It’s a salesperson’s worst nightmare- the phone call that comes in from a disgruntled customer. Not only does it create extra work for you, but it cuts into your valuable selling time. But believe it or not, this is actually a tremendous sales opportunity and a chance for you to become a hero. Here’s how to make this situation work for you:
Empathize With the Client
Though it may be difficult to keep a tight lip, just listen and let your customer vent. Listening allows you to determine what the customer is really angry about. Is it the actual problem that is causing his rage or is it how your customer looks to his superiors? Determine what the customer is really asking for and figure out how to deliver the solution. If higher level management needs to be addressed, this creates an opportunity for you to set up a meeting and establish a relationship. If your customer’s business is being impacted, then you need to take quick action to find a resolution.
Establish a Plan of Action
Escalate the issue within your company and make sure it gets into the right hands within your customer service organization. Explain the urgency of the situation and request that the parties involved give you updates along the way. Schedule meeting times or conference calls throughout the day to give them specific deadlines and keep things moving. If you don’t receive the expected updates, call them and push for resolution. Not only does this keep the pressure on, but it allows you to be the liaison for the customer. Be sure to update your customer on the progress at every step of the way.
Move up the Food Chain
Set up a meeting with your customer contact and his superiors. Bring in your own management and use this opportunity to show everyone involved how you are going to take action. Outline the plan for resolution and commit to updating everyone involved as your progress toward resolution- then be sure to follow up and meet your promises.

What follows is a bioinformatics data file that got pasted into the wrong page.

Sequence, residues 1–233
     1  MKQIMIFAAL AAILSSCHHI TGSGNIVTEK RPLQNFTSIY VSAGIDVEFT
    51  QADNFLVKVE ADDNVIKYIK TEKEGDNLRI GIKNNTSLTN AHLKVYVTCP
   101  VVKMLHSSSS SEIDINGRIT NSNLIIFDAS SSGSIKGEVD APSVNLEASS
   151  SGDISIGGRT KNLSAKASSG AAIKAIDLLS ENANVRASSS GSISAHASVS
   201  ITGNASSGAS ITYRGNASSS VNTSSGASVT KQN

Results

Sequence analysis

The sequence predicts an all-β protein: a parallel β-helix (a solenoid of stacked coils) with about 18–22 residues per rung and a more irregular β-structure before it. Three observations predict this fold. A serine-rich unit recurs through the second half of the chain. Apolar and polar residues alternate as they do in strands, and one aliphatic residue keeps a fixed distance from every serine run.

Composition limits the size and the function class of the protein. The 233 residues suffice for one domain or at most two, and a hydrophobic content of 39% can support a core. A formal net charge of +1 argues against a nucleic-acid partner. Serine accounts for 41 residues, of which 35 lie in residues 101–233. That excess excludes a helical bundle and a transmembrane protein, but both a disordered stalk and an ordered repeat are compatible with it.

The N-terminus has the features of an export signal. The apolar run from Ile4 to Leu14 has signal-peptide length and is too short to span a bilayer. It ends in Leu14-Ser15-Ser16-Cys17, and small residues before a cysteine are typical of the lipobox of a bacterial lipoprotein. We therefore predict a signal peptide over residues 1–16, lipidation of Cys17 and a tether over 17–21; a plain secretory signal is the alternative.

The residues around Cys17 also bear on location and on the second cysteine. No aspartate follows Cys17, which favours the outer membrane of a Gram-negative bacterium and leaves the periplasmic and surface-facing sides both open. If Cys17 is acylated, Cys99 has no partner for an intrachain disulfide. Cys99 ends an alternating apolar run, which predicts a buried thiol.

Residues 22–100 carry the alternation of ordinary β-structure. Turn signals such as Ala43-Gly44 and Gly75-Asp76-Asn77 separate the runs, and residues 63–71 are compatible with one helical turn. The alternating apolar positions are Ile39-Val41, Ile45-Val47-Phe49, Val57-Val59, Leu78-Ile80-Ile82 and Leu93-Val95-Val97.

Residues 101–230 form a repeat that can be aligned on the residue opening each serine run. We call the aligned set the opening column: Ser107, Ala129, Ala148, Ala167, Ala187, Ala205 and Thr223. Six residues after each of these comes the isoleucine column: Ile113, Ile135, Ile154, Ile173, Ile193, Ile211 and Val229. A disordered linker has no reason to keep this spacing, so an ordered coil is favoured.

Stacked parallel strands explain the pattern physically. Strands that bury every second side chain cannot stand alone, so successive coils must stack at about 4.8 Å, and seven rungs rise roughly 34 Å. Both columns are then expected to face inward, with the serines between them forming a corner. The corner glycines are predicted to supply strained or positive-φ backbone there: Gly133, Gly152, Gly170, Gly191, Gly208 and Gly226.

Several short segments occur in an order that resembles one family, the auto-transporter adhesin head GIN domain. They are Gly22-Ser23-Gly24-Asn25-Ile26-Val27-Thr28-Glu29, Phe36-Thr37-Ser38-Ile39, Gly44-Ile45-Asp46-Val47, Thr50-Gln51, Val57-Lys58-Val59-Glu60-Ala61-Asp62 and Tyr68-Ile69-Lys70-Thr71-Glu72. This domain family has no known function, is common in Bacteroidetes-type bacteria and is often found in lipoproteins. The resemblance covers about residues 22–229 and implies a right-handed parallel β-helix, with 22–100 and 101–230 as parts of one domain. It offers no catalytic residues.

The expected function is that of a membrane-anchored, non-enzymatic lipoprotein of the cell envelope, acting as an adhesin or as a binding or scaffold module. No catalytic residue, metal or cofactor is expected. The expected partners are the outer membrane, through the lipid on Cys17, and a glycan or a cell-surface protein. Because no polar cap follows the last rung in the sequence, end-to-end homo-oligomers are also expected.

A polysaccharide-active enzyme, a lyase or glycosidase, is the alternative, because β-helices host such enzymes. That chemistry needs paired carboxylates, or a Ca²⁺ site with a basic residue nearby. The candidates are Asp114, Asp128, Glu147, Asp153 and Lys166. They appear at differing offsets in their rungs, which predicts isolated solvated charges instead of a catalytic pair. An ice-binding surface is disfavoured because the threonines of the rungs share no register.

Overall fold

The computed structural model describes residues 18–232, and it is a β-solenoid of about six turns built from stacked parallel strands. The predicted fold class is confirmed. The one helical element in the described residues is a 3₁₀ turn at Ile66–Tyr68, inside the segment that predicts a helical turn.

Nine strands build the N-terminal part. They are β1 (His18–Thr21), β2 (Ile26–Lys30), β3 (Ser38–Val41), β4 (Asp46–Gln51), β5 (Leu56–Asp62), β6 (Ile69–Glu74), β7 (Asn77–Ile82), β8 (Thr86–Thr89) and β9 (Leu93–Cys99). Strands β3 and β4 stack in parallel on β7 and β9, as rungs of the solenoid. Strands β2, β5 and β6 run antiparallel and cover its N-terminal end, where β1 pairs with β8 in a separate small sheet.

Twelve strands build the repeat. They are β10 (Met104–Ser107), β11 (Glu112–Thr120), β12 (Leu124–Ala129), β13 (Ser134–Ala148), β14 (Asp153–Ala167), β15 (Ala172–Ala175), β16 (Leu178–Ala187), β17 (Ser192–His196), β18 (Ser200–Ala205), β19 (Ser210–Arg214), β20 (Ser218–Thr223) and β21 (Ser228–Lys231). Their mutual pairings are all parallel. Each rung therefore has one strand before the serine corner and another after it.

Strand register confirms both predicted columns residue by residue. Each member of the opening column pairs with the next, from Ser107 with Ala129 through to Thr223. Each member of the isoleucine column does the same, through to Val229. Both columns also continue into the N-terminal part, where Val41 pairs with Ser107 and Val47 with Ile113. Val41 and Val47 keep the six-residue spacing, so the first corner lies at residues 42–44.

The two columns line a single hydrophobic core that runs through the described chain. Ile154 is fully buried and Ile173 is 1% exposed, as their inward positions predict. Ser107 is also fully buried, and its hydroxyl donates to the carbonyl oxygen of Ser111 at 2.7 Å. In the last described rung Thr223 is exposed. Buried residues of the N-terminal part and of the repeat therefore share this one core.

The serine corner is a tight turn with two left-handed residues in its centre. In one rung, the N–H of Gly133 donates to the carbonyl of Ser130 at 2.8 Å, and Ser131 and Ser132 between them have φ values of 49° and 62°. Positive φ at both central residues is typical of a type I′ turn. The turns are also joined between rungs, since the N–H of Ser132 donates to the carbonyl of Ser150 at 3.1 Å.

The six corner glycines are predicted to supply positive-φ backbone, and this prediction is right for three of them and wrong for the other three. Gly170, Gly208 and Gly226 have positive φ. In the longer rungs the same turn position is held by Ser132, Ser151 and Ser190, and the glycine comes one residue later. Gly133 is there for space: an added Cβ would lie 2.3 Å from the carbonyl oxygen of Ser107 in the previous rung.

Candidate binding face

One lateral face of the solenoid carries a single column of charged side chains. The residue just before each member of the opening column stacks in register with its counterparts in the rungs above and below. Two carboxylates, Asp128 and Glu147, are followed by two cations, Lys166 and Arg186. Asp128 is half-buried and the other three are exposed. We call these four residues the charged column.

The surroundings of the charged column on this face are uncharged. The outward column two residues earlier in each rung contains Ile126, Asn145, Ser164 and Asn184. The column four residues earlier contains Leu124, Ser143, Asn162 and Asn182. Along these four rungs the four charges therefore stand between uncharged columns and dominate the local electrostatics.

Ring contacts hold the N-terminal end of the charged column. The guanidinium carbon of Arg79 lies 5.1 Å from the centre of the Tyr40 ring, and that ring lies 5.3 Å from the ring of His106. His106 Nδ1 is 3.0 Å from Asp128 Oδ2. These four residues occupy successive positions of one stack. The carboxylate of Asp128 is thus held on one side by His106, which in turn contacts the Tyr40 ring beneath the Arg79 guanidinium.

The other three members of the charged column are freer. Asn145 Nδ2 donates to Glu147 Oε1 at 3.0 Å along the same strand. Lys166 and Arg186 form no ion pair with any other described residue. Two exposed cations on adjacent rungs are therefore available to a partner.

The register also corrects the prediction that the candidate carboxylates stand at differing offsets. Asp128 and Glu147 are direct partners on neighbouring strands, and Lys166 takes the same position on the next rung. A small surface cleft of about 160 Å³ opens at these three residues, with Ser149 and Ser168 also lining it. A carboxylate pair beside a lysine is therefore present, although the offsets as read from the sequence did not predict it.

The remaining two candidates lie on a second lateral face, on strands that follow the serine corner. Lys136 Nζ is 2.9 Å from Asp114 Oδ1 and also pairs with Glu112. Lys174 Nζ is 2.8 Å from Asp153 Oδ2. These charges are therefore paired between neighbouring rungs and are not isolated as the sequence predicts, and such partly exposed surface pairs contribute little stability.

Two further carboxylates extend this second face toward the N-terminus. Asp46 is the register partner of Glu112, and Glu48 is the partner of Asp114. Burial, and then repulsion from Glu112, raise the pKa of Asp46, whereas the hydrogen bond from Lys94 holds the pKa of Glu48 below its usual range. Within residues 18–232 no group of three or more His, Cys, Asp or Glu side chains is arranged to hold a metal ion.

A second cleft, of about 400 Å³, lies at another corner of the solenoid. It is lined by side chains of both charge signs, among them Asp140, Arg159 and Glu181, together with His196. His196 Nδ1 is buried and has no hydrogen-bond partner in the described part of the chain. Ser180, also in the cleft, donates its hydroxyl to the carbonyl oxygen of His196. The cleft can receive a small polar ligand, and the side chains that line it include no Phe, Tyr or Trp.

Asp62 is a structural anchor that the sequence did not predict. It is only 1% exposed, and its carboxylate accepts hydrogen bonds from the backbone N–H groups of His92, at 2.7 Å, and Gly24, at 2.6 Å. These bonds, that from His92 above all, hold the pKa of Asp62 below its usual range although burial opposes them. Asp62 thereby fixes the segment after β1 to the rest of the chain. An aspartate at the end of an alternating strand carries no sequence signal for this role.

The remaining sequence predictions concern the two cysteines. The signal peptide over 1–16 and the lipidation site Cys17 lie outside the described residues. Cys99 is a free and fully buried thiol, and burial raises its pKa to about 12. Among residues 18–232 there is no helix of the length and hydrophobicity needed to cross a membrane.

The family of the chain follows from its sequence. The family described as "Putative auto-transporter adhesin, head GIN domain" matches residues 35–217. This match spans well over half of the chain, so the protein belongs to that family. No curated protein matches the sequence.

A meeting like this lets you meet executives and work your way up the organization chart, laying the foundation for future opportunities. Though you are meeting under unfortunate circumstances, once the problem is resolved, you will be remembered for your quick action and excellent customer service.
Offer a Concession
Since you don’t want to offer refunds or credits, and even if your customer doesn’t expect one, it’s a good idea to make a peace offering. Once the problem is resolved, offer your customer a free trial of another product. The trial will not only make them happy, but could lead to a future sale.
You could also coordinate a dinner or trip to a ballgame to thank your new executive contacts for their patience and time. Does your company have a user’s group meeting, trade show or annual conference coming up? Offer up some free passes. Attendance at events like these almost always leads to a sale. Whatever you do, don’t just hand them a gift certificate or gift. Be sure to offer a networking event or something that leads to a future sale.
Another way to wrap up and put a problem to bed is to set a meeting with your new executive contacts. Does your company have an executive briefing center? Offer to coordinate an afternoon event and show the executives your entire product line, introduce them to your company’s executives and learn more about your company’s vision. If your company doesn’t offer this kind of service, create your own. Bring an executive briefing to them by scheduling executives from your company to speak and present your full product line. Order a catered lunch, hand out gifts with your company logo and impress the attendees with your professionalism.
Unfortunately many clients have low expectations of sales people. But you can make this work to your advantage by exceeding their expectations, providing excellent customer service and showing them that you follow through on your commitments. It’s the best way to build trust and lasting relationship and before you know it, your most disgruntled customer could become your best source of income.
About the author
Stephanie Chandler is the author of “The Business Startup Checklist and Planning Guide: Kick Start Your Entrepreneurial Dreams!” and the founder of http://www.BusinessInfoGuide.com, a directory of free resources for entrepreneurs. Subscribe to the newsletter to receive hot small business tips and resources.